I attended the Next NB education discussion session at Mount Allison University this evening. Not a lot of of people showed up, given conflicting appointments and the rather poor advertising, or maybe just due to apathy. I found out why the website doesn’t work, and now Lisa, our facilitator, has my utmost sympathy.
There were 15-20 people in attendance; most of whom were middle-aged or older. Attendees included university professors, retired professors, school disctrict representatives, teachers’ association representatives and others – not quite what one would call vox populi. I made comments based on my previous posts, so I won’t repeat them here. Some other interesting comments were:
- We should bring back the teaching of civics in school.
- We need to be inclusive of all minorities.
- We expect too much of our teachers.
- We should reinstate apprenticeship programmes.
- Low expectations are a critical problem.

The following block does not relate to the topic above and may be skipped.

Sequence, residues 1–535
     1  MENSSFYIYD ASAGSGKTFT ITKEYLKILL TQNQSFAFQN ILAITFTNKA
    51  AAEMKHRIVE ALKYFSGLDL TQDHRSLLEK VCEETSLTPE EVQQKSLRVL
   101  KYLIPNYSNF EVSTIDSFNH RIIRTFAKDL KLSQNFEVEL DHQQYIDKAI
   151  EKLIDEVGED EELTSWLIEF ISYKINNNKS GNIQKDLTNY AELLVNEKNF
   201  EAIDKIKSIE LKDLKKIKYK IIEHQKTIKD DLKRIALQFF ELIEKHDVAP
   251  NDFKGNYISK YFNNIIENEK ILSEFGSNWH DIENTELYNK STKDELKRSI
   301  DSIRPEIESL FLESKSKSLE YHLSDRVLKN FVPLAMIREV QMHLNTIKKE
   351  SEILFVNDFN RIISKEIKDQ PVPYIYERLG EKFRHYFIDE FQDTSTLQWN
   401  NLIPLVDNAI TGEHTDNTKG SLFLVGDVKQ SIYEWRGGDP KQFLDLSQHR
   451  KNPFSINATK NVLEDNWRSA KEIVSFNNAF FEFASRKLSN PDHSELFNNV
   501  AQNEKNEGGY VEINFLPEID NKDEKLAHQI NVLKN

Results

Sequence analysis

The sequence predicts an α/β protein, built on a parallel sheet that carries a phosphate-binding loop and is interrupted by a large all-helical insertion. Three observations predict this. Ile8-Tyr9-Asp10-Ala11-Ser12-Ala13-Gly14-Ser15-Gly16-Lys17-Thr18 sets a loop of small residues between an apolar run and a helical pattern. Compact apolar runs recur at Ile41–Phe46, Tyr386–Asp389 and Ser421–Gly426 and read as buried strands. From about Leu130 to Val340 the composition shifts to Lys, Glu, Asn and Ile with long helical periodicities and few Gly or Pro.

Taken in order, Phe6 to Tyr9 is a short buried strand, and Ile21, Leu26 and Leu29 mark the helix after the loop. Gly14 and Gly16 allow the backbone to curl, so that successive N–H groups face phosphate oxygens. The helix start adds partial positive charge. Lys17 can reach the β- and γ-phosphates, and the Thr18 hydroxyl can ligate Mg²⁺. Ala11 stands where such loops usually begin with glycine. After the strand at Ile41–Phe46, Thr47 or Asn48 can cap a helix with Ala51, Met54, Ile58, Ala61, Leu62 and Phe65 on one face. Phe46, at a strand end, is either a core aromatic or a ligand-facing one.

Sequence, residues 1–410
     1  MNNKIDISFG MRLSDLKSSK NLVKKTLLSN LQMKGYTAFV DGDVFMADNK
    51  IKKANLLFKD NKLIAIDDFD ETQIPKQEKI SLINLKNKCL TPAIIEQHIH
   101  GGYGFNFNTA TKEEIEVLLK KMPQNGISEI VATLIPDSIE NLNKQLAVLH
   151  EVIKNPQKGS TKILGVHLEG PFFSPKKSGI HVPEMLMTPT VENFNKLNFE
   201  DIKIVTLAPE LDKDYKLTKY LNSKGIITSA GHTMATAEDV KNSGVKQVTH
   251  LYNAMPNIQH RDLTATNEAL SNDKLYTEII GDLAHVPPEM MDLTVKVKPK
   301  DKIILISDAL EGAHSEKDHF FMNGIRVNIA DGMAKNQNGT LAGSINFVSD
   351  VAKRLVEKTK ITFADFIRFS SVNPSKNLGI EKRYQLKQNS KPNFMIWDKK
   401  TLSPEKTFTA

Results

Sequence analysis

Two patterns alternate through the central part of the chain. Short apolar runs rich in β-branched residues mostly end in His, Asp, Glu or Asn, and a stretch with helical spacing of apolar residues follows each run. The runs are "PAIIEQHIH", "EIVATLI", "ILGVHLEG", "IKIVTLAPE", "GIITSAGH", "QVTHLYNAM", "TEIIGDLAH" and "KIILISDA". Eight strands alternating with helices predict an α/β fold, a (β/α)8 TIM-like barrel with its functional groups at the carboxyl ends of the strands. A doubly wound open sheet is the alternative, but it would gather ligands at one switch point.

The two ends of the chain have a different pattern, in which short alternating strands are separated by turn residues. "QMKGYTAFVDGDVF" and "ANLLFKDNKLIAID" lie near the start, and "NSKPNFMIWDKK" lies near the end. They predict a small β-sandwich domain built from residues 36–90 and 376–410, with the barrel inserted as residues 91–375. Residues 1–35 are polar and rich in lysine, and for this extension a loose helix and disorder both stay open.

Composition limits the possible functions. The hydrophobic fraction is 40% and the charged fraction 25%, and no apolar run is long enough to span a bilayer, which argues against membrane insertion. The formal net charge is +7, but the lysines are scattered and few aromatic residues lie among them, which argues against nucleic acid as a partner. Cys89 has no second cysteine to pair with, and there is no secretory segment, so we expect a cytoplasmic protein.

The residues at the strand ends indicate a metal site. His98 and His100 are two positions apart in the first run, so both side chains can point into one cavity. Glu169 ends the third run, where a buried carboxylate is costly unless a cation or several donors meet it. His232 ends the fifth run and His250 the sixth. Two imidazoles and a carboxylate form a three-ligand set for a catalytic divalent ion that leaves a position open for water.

As you can see, it was quite the potpourri of perspectives this evening. Not much was accomplished, but all comments were recorded. My suggestion to link to other blogs and conversations will be taken up, and I’m told that there will be links to this blog on the Next NB site.
A document entitled A Covenant with our Children: Education in New Brunswick (PDF) was handed out tonight. From the document:
- We must embrace the movement towards standards-based assessment, increased accountability and greater social inclusion. [interesting trio]
- Principals and vice-principals should be removed from the collective bargaining unit of the New Brunswick Teacher’s Union (sic) [is that why there were two reps from the NBTA in attendance?]
- Education reform is too important to allow the voices of teachers to be barred from the conversation. That discussion must include an open dialogue about French immersion. [and the students?]
Lots of stuff to digest, but I kept asking myself, will this exercise change anything? I’ll finish with an often quoted observation from Albert Einstein: